June was an exhausting month for me. I spoke at four different conferences, two of which were not in Berlin. I finished the last talk today, so time to reciprocate on conferences and talks. In all I had good fun. It was a lot of work to get the presentations done (around 400 single slides altogether), but in all I would dare say that it was all more than good practice to work on my presentation skills and to loose a bit of the fear of talking in front of people. But I'll follow up on that stuff in particular in a later post.

RailsWayCon in Berlin

I have to admit that I didn't see much of the conference, I mainly hung around, talked to people, and gave a talk on Redis and how to use it with Ruby. Like last year the conference was mingled in with the International PHP Conference and the German Webinale, a somewhat web-related conference. I made a pretty comprehensive set of slides for Redis, available for your viewing pleasure.

Berlin Buzzwords in Berlin

Hadoop, Lucene, NoSQL, Berlin Buzzwords had it all. I spent most of my time in the talks on the topics around NoSQL, having been given the honor of opening the track with a general introduction on the topic. I can't remember having given a talk in front of this many people. The room took about 250, and it seemed pretty full. Not tooting my own horn here, I've never been more anxious before a talk of how it would go. Obviously there were heaps of people in the room who have only heard of the term, and people who work with or on the tools on a daily basis. Feedback was quite positive, so I guess it turned out pretty okay. Rusty Klophaus wrote two very good recaps of the whole event, read on about day one and day two.

The slide set for my talk has some 120 slides in all, trying to give a no-fuss overview of the NoSQL ecosystem and the ideas and inspirations. There's some historical references in the talk, because in general the technologies aren't revolutionary, they use ideas that've been around for a while and combine them with some newer ones. Do check out the slides for some more details on that.

MongoUK in London

10gen is running MongoDB related conferences in a couple of cities, one of them in London, where I was asked to speak on something related to MongoDB. Since I'm all about diversity, that's pretty much what I ended up talking about, with a hint of MongoDB sprinkled on top of it. Document databases, the web, the universe, all the philosophical foundation knowledge you could ask for. I talked about CouchDB, Riak, and about what makes MongoDB stand out from the rest.

Most enjoyable about MongoUK was to hear about real life experiences of MongoDB users, what kind of problems they had and such. Also, I finally got to see some of London and meet friends, but I'll write more about that (and coffee) on my personal blog. Again, the slide set is available for your document database comparison pleasure.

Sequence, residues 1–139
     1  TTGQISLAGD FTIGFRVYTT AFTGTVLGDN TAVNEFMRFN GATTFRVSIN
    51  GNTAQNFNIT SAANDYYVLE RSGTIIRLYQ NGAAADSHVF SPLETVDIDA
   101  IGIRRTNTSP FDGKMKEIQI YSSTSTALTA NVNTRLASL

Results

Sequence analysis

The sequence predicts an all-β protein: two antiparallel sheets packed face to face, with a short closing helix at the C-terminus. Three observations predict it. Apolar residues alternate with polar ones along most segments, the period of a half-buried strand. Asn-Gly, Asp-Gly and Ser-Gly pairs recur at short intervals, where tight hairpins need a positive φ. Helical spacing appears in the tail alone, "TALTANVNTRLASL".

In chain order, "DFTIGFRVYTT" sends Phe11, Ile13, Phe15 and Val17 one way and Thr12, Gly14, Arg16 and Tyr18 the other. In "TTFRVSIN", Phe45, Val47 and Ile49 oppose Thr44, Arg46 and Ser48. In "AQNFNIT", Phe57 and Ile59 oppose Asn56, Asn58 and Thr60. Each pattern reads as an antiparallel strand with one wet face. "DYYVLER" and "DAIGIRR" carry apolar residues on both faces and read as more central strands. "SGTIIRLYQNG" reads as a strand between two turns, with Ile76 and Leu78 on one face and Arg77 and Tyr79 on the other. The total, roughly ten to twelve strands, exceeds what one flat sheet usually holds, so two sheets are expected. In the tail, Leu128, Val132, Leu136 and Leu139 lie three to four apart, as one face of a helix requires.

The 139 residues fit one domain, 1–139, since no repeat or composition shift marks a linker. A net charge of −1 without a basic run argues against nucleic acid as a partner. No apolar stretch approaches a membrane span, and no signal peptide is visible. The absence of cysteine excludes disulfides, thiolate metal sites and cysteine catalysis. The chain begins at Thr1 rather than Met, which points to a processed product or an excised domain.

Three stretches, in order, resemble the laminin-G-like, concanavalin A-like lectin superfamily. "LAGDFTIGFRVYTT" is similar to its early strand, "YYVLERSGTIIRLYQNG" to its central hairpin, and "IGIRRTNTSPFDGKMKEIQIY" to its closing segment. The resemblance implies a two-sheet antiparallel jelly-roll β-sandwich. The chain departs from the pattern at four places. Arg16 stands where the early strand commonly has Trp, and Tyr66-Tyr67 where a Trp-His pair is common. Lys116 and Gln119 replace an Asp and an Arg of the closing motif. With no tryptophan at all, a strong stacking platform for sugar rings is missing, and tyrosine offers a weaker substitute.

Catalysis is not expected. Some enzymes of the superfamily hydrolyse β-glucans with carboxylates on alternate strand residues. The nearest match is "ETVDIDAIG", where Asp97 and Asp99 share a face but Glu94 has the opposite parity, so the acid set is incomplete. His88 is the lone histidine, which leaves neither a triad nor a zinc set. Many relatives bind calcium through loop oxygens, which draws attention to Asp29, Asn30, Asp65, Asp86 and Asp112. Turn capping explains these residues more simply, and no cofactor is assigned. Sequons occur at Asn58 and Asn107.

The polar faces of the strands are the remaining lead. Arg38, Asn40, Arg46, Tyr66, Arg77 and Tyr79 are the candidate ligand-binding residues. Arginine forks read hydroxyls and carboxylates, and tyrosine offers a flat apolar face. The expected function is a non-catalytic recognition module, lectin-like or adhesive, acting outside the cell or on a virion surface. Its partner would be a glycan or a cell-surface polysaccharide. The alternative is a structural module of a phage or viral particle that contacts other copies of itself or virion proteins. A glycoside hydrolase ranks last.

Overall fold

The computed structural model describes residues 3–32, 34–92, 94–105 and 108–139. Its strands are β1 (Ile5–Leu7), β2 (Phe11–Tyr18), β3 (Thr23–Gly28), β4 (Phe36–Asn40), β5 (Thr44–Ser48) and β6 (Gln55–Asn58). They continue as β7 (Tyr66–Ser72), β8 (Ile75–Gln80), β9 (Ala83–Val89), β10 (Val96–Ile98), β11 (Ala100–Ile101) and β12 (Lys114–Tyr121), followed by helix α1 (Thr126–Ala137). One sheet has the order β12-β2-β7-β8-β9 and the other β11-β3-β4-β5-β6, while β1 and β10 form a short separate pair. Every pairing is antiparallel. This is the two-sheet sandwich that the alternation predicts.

Cloud Expo Europe in Prague

Just two 36 hours after I got back from London I jumped on the train to Prague to speak about MongoDB at Cloud Expo Europe. Cloud is something I can get on board with (hint: Scalarium), so why the hell not? It turned out to be a pretty enterprisey conference, but still, got some new food for thought on cloud computing in general.

I already gave a talk on MongoDB at Berlin's Ruby brigade, but I built a different slide set this time, improving on the details I found to be a bit confusing at first. Do check out the slides, if you don't know anything about MongoDB yet, it should give you a good idea.

Showing off

As you'll surely notice, my slides are all websites, and not on Slideshare. Two months ago I looked into Scott Chacon's Showoff, a tool to build web-based presentations that simply run as tiny JavaScript apps in the browser. I very much like that idea, because even though Keynote is still the king of the crop, it's still awful. Using Markdown, CSs and JavaScript appeals much more to the geek in my. It's so easy to crank out slides as simple text, and worry about the styling later. Plus, I can easily keep my slides in Git, and who doesn't enjoy that? I'd very much recommend giving it a go. If you want to look at some sources, all my talks and their sources are available on the GitHubs, MongoDB, Redis, NoSQL, document databases and again MongoDB.

It's a pleasure to build slides with Showoff, and it has helped me focus my slides on very short phrases and as few bullet points as possible. Sure, it's not Keynote and doesn't have all the fancy features, but I noticed that it forced me to focus more, and that keeping slides short helped me stay focussed, but again, more on that in a follow-up post.

Feel free to use my slides as inspiration to play with Showoff, there's surprisingly little magic involved. Also, if you think I should speak at a conference you know of or that you're organising, do get in touch.

Update: Read the comments and below. The issue is not as bad as it used to be in the documentation and the original design, thankfully.

A lot has happened since I've first written about MongoDB back in February. Replica Pairs are going to be deprecated, being replaced by Replica Sets, a working Auto-Sharding implementation, including rebalancing shards, and lots more, all neatly wrapped into the 1.6 release.